Become a more inspirational and resonant leader by fully aligning who you are with how you communicate.

Step into almost any organization at any time, and you will most likely find a meeting taking place.

Successful applauding executives sitting at the table

(Hopefully with Vince Vaughn in attendance)

There are lots of reasons to have meetings (reporting, brainstorming, reviewing, etc.), but the core reason is communication.

And yet it is astonishing how little communication seems to happen. Often meetings seem to grind away without any real purpose or goal, just wave after wave of deadly Powerpoint slides. This on top of the fact that we live in a culture that likes to have a lot of meetings.

Sooo many meetings. According to accumulated study information by Daniel Russell, there are approximately 11 million meetings being held each day.

Daniel’s blog piece focuses more on the lack of structure and the general waste that goes into meetings (he makes the point that some meetings are actually meetings about future meetings), and how much salary is tied up in those hours that are spent discussing whatever. I want to focus more on the lost opportunity.

What is this meeting for?

Do we really know?

I try to ask this question before every meeting. Not because I like to be annoying, but rather because it helps  to identify the framework for the conversation. Another way to think of this is “what are we hoping to get out of this meeting?”

Here are three things that usually come up when this question is asked.

  1. Build Consensus: there is often some issue or problem that requires the managers or team leaders to get up to speed, weigh in and agree on a strategy. This is a perfectly good reason for a meeting, unless “consensus” is code for “just go do it.” Confusion around whether the leaders of the meeting actually want input or are just looking for agreement can be a blow to morale and mangle the process in the long run.
  2. Generate Ideas: brainstorming sessions or problem solving discussions are important parts of teamwork and allow for creativity within an organization. While we might have an idealized vision of how brainstorming sessions work, they are usually a mess unless there is a clear articulation of the problem and the materials we have to work with. Shouting out random ideas produces a lot of randomly bad ideas. Focus the discussion on a goal and clearly outline the challenges. Also, make sure that you are actually interested in generating ideas and that you aren’t really trying to build consensus or inform. A team will feel demoralized if they find out that the process was not genuine, and that will lead to an overall resistance moving forward.
  3. Inform: there are times when upper management or leaders need to educate the rest of the group on what is happening and why. While these meetings can often be helpful, they don’t work if they are framed incorrectly or if the information is simple enough to have been put in a memo. If the information is complicated enough to spend time in a meeting, then you also need to give plenty of space for challenging questions. It’s okay to transition from a meeting that is focused on informing to one that tries to build consensus, but a group can’t get to the second part if they don’t fully appreciate and understand the first.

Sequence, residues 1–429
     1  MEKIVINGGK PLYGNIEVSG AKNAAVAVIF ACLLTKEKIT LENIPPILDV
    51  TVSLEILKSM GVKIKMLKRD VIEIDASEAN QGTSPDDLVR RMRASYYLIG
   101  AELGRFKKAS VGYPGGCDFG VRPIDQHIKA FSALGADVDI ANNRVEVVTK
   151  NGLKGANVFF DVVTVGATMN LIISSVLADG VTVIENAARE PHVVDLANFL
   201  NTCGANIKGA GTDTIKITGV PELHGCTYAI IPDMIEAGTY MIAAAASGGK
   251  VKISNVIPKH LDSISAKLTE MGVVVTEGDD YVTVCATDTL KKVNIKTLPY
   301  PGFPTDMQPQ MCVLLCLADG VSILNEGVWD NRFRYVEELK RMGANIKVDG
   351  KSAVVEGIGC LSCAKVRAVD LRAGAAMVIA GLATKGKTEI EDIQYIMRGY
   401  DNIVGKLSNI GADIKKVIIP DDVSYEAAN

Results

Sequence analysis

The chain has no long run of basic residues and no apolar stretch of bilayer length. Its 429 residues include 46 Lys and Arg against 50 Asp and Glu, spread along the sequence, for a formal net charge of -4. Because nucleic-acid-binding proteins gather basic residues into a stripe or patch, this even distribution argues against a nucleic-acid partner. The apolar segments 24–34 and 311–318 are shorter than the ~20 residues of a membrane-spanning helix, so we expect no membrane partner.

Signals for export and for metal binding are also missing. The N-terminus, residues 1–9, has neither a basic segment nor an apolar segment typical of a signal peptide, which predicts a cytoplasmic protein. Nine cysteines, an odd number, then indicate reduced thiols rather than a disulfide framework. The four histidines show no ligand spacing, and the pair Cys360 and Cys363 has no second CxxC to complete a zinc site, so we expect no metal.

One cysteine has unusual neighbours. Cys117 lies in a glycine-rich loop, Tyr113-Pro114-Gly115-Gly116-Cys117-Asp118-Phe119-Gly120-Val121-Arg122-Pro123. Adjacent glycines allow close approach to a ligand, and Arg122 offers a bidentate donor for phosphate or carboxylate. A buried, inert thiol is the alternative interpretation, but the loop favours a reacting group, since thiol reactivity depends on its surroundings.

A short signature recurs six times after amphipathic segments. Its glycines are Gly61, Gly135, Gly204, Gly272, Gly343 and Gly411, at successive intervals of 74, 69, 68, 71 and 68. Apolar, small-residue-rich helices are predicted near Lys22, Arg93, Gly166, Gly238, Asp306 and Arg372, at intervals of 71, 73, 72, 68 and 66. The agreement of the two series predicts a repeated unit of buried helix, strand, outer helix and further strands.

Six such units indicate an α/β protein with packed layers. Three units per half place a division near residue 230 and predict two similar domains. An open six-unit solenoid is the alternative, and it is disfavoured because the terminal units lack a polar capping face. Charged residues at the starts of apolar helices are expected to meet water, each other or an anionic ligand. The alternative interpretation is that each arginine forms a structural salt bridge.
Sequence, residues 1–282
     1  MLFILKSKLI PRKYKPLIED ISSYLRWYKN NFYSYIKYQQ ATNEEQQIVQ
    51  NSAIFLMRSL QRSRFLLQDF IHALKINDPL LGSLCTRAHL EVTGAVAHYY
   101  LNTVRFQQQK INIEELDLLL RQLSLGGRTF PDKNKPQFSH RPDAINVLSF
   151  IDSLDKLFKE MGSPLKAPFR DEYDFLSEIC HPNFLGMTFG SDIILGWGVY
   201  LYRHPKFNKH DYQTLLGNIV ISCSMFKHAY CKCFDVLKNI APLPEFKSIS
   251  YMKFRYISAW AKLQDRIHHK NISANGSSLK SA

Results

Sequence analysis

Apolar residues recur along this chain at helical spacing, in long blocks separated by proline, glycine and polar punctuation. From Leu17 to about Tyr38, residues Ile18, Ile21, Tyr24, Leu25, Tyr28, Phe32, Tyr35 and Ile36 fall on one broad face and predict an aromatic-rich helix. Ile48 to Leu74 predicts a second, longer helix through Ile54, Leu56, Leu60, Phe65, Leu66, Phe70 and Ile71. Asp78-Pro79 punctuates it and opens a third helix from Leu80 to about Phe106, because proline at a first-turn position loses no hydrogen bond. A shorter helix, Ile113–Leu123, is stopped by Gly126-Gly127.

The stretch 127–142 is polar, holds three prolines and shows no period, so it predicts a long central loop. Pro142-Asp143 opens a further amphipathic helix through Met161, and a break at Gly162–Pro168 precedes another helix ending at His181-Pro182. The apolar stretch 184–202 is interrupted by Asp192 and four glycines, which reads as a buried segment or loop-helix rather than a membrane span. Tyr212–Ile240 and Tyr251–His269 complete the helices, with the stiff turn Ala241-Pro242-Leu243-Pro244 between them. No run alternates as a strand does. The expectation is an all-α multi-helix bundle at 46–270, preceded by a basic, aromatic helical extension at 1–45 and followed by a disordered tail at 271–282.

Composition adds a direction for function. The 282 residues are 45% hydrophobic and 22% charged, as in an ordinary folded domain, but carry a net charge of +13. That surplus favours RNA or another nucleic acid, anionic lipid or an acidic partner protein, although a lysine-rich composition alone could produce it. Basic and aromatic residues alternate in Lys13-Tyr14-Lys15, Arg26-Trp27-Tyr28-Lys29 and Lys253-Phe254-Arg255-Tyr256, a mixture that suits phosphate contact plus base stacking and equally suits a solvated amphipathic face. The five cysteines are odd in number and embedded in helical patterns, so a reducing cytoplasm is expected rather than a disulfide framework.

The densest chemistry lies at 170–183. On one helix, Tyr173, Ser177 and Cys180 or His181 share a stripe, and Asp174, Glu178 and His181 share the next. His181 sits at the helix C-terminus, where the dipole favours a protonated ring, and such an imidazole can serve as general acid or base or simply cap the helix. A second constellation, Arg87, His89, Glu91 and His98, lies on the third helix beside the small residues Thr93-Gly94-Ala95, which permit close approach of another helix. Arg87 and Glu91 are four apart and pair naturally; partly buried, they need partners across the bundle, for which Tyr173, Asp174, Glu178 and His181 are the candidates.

Process vs. Direction?

Sometimes much of the inefficiency in meetings can be defined by a tactical confusion between “things that we have to process” (i.e. discuss) and “things we have to do.”

Process is messy, but it implies collaboration and creativity, so we often default to it even when there isn’t any room for discussion. It would be helpful if the team leader made the call beforehand about whether this meeting is meant to be a process-oriented meeting or if it is more of a reporting/directive meeting.

What’s the difference?

Direction is for giving out clear and actionable orders. For example, if you want everyone to wear the color green on Tuesday (for whatever reason), then you give the order and answer the clarifying questions that come.

(Is that okay?)

When leaders make the mistake of presenting something like this as though it were a discussion (usually because they want to “build consensus”), they will move the group into process, which is going to make it messy. In other words, the group might interpret the directive as a choice or that it is up for discussion.

Process is for topics or problems that require expertise from around the table so as to develop a clear strategy. In this case the problem needs to be clearly articulated (team morale is low or our products are getting stale) and then open it up for discussion, looking for each group member to contribute his/her perspective.

Be aware that if you have already decided on a course of action before the meeting, don’t make the mistake of asking people for their input. You need to change this to one of direction and feedback. Again, the team will feel underappreciated and disregarded if they get the sense that you had the answer all along. The clearer you are with them (and yourself) up front, the more likely they will be engaged and understand the objective.

If we can only accomplish one thing, what would we want that to be?

Finally, if you are a leader of meetings, ask yourself this question as you plan the agenda. You might even want to write it down on the top of the page. The more focused the room is on the goal, and the clearer everyone is on the intention (process vs. direction), the more efficient you can be and the more engaged your teams will feel.

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